United States Mozart, Don Giovanni: Cast, Chorus and Orchestra of the Metropolitan Opera, New York / Fabio Luisi (Conductor), Met Live in HD transmitted to the Komedia Cinema, Brighton, 21.10.2016. (RB)
Donna Anna – Hibla Gerzmava
Donna Elvira – Malin Byström
Zerlina – Serena Malfi
Don Ottavio – Paul Appleby
Don Giovanni – Simon Keenlyside
Leporello – Adam Plachetka
Masetto – Matthew Rose
The Commendatore – Kwangchul Youn
Production – Michael Grandage
Set & Costume Designer – Christopher Oram
Lighting Designer – Paule Constable
Choreographer – Ben Wright
Live in HD Director – Matthew Diamond
Live in HD Host – Joyce DiDonato
This was a revival of Michael Grandage’s 2011 production of Don Giovanni and it featured a welcome return to the stage by Simon Keenlyside who has had to cancel several high-profile engagements recently for health-related reasons. Grandage and his team opted for a traditional production of the opera set in 17th Century Seville so when the curtain opened we were greeted with a multi-storey tenement building with shuttered windows. The cast were all wearing period costumes and the lighting was dark and gloomy for much of the time. The stage came apart to reveal the revellers dancing in the masked ball scene and the tenements transformed into a forbidding mausoleum in the scene where the Commendatore is invited to dinner. There was much to admire in this very well-choreographed and theatrical performance but I was not convinced that it really offered any new insights or perspectives about this most famous of operas. I was struck by comments Simon Keenlyside made in the interval about whether the opera foreshadowed some of Darwin’s ideas. It would have been intriguing if Grandage could have given the performers a little more space and latitude to explore some of these ideas further.
Prior to the opera I wondered if Keenlyside might be a little too old to be playing Don Giovanni but I am pleased to say that he gave an absolutely riveting performance in the title role. Keenlyside is a consummate actor and he commanded attention whenever he was on stage. When he took off his mask to reveal his face to the dying Commendatore the cold amorality of the character sent a shiver down the spine. He could be beguilingly seductive with Zerlina but there were also moments when he seemed like a caged animal; for instance, when he was surrounded by his enemies at the end of the masked ball. Prior to the arrival of the Commendatore he leapt up on the table and put his boot on Donna Elvira reinforcing the unpleasant misogyny of the character. The singing was superb throughout and Keenlyside brought braggadocio to the champagne aria, a silky seductiveness to La ci darem and a tenderness to Deh vieni alla finestra. The tone production was uniformly excellent throughout the vocal range and there was some gorgeous tone colouring and vocal inflections.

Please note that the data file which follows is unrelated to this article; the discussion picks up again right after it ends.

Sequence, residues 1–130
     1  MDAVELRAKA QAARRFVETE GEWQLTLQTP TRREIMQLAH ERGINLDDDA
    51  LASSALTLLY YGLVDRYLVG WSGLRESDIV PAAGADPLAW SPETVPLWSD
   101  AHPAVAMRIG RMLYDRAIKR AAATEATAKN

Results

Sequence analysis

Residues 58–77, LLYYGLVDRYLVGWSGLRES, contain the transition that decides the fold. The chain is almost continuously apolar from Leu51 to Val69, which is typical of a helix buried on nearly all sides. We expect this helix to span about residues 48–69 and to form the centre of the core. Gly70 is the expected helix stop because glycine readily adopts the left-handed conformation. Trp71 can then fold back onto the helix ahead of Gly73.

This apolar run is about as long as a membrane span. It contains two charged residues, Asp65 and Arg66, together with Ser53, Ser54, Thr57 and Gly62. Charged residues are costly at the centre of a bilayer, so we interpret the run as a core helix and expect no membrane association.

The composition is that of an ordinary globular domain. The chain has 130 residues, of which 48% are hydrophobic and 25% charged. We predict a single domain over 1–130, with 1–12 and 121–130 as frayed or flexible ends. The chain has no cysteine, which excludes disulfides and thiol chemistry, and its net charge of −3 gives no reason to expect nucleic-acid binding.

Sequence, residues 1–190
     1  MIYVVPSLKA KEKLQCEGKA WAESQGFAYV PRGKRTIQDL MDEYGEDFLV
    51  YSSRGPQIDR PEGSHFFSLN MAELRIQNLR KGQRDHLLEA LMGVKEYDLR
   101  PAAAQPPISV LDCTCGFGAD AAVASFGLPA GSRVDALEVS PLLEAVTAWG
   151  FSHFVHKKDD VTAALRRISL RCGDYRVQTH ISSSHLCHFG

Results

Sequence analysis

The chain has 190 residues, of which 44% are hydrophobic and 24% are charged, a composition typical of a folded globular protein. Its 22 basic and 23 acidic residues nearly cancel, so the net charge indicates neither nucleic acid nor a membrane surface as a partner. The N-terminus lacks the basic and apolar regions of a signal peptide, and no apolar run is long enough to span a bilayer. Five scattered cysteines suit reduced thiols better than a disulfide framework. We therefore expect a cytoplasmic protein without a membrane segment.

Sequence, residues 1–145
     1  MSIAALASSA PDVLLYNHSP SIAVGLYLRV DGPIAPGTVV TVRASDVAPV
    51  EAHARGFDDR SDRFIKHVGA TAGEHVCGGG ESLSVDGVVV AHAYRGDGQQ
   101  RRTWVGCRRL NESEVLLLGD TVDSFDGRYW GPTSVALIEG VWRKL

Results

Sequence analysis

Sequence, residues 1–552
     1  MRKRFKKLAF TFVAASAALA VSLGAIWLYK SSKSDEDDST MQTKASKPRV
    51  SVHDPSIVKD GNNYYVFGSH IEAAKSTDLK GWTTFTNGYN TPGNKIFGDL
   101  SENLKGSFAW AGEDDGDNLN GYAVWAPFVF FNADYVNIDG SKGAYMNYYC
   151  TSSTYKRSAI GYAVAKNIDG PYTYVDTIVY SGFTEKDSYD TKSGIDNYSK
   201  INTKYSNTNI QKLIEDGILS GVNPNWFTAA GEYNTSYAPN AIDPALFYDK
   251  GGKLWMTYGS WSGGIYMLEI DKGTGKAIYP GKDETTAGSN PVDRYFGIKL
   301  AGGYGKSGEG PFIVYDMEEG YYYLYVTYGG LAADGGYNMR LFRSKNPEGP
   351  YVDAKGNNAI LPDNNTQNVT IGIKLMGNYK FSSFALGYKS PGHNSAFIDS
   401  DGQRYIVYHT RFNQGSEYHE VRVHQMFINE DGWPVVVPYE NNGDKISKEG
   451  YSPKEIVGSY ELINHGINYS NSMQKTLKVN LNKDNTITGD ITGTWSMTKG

Hibla Gerzmava’s Donna Anna was dressed in black for much of the production and she brought an admirable mixture of pathos, dignity and resilience to the role. She has a rich, brightly coloured voice and she brought considerable vocal power to Donna Anna’s music when required. There were a few minor intonation problems at the beginning and I felt that she sometimes used too much vibrato particularly in her Act 1 aria. She was at her best in Non mi dir where she brought a vocal opulence to the opening before skilfully negotiating Mozart’s coloratura. Malin Byström gave a rounded and spirited portrayal of the jilted Donna Elvira. She has a very clear voice and the tone production was even across the vocal range. She negotiated the wide range and dazzling coloratura with relative ease although Mi tradi was a little rushed and the tone sounded a little forced at times. Serena Malfi brought a sweet toned warmth to Zerlina’s arias and Batti, batti, o bel Masetto was a triumph.
Adam Plachetka played up the opera’s buffa elements in his portrayal of Leporello and his trademark patter was delivered with enormous vocal agility. There is a rich dark timbre to his voice which allowed him to give additional weight to some of Leporello’s music. In the catalogue aria, Plachetka vied well with his orchestral partners and he moved seamlessly between the playful and the salacious. Paul Appleby’s Don Ottavio provided the best vocal performance of the evening. His rendition of Dalla sua pace was sublime and he brought a radiant vocal bloom and immense lyricism and control to Il mio tesoro. Matthew Rose and Kwangchul Youn also gave strong performances in the roles of Masetto and the Commendatore.
Fabio Luisi provided assured oversight and direction keeping cast chorus and orchestra on track. The opening chords of the Overture radiated menace and the ensuing ghostly chromatic scales were genuinely unsettling. The subsequent D Major Allegro was performed with energy and zest underlining the extraordinary split between comedy and tragedy in this work. Mozart’s sparkling ensembles were for the most part a delight although I was a little disappointed with the great sextet in Act 2 which did not quite come together as well as it might. The Met orchestra brought a freshness and vibrancy to Mozart’s score and the balance with the singers was excellent throughout.
Overall, the production was a little unimaginative but it was redeemed by some superb singing and playing particularly from Keenlyside and Appleby.